Walks And Walking – Best Bluebell Woods To Visit In The UK 2013
This year the Bluebell woods may not be the magical event of this year’s spring walks, as the colder weather has affected their usual growth patterns. The stems will be weaker and so may not grow to the extent where you will see their usual carpet of blue petals and enchanting scent. In fact, you may not even be able to find a really good Bluebell wood walking route until late May in their usual habitat of ancient woodlands.
Due to the further threat of pollution, urbanisation and the invasion of the Spanish bluebell varieties it won’t be too long until we won’t be able to find them at all. Mark Ballard, curator of the Forestry Commission’s National Arboretum at Westonbirt, said: “Within the next two decades it will become much rarer for people to see a native bluebell wood. They are under threat and the British landscape, however beautiful, is changing.”, as reported in the Guardian.
Ballard said the Forestry Commission was taking steps to ensure that the non-native Spanish variety was being “stamped out” on its land – in some cases almost literally. “We are digging them up where we find them and disposing of them,” he said. But he warned against members of the public taking similar action in woods close to them. “We know what we are looking for, and what to do about them. If people spot hybrids or Spanish bluebells in the wild they should tell us or the owners [of the woods].”
So, while we can still enjoy the Best Bluebell Woods To Visit In The UK 2013 here is an excellent list of the best Bluebell woods to visit that I found on the Saga website here.
Admire carpets of bluebells nestling among the historical follies and following the riverbank to the stunning waterfall at Hackfall.
Make a day of it at Sea Wood by wandering through the semi-natural ancient woodland spotting bluebells and birds returning from their winter migration before emerging on to a the shingle beach of Ulverston Sands for a beachside picnic.
East Midlands – Clumber Park, Nottinghamshire
With way-marked trails, wheelchair and pushchair friendly paths, and 20 miles of cycle routes, all of the family can enjoy exploring the bluebell display at beautiful Clumber Park.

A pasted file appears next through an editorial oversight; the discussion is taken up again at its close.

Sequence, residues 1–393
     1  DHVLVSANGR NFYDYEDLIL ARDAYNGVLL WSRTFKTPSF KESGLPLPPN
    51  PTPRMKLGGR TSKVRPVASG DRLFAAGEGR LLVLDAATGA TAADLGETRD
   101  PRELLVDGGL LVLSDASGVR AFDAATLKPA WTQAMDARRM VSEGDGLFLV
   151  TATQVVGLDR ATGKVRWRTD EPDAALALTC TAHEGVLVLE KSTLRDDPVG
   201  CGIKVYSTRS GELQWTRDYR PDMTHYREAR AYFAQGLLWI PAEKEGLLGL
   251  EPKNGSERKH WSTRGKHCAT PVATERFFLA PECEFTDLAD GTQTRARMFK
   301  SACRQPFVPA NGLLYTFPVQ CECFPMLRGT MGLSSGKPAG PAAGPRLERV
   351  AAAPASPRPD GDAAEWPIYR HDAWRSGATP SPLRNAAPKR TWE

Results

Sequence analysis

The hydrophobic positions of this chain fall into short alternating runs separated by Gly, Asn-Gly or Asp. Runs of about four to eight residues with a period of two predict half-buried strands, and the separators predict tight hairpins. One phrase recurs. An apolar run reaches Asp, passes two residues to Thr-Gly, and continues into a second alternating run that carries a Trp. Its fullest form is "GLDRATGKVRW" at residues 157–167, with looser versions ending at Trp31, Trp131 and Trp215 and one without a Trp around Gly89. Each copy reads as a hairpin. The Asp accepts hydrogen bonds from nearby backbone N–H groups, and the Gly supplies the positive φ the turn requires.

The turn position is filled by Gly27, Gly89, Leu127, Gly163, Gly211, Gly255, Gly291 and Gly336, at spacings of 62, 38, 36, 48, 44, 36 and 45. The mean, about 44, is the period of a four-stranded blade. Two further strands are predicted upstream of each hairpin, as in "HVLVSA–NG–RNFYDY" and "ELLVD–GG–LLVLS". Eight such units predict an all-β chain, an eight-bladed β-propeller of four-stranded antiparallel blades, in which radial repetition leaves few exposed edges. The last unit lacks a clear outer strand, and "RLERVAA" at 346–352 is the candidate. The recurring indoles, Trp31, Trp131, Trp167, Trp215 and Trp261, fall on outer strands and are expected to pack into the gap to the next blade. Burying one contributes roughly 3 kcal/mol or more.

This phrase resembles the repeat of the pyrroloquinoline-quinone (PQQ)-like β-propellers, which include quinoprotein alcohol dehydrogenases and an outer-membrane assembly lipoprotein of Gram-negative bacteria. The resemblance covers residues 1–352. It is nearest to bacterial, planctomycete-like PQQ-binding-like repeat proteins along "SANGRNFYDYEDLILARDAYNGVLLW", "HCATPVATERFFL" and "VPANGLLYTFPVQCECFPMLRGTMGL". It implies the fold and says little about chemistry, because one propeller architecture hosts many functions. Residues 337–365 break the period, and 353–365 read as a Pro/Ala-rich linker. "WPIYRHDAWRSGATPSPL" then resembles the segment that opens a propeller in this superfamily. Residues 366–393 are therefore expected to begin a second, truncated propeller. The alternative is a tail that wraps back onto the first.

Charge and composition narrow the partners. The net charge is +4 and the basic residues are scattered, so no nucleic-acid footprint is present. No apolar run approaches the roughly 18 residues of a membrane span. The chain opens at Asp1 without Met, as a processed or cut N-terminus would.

West Midlands – Trench Wood, Worcestershire
As well as its display of butterflies, this ancient woodland is also a fantastic place to spot the many types of butterfly which flutter to life in spring.
Set on a hillside with spectacular views over the lake, this arboretum is a visual treat no matter what time of year you visit. Spring is particularly beautiful with its bluebells, magnolias and other displays of spring colour.
Long Wood is considered to be one of the best woods to visit in Cheddar Gorge thanks to its stunning views and plentiful wildlife spotting opportunities, from buzzards to badgers and plenty in between. Three bluebell trails will guide you through the displays of these pretty flowers.
Scotland – Wood of Cree, Dumfries and Galloway
Explore Southern Scotland’s largest ancient woodland and spot some of the many birds and animals which call this wood home. The bluebell trail has a wheelchair and pushchair accessible path making the Wood of Cree suitable for the whole family.
This wood clings to the side of a hill making it a bit of a steep climb occasionally to explore but the beautiful bluebell lined trails as you go and the iron age hill fort at the top make it well worth the effort. Why not pack a picnic for a well earned treat at the summit?
Northern Ireland – Killaloo Wood, Londonderry
Killaloo Wood is considered a national treasure trove with its of network of pathways which lead you through ancient woodland filled with bluebells and allow you to discover rare purple hairstreak butterflies and enjoy the scenery of the beautiful River Faughan Valley.
For more details on each wood go to the VisitWoods website here.